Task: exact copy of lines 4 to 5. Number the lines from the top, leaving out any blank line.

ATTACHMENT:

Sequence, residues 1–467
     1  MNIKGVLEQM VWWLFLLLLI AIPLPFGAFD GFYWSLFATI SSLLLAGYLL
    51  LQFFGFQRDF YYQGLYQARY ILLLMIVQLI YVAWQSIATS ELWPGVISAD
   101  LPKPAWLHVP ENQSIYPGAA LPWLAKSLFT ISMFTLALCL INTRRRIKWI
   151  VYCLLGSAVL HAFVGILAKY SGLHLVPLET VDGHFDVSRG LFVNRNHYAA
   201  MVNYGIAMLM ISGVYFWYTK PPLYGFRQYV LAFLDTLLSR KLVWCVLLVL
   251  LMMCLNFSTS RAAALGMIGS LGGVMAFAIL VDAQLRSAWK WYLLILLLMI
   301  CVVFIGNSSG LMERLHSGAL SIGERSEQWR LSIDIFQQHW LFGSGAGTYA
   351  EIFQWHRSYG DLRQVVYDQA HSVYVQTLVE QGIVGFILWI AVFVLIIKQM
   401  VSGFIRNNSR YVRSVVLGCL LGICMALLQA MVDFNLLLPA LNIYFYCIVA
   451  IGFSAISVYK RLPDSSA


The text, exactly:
   101  LPKPAWLHVP ENQSIYPGAA LPWLAKSLFT ISMFTLALCL INTRRRIKWI
   151  VYCLLGSAVL HAFVGILAKY SGLHLVPLET VDGHFDVSRG LFVNRNHYAA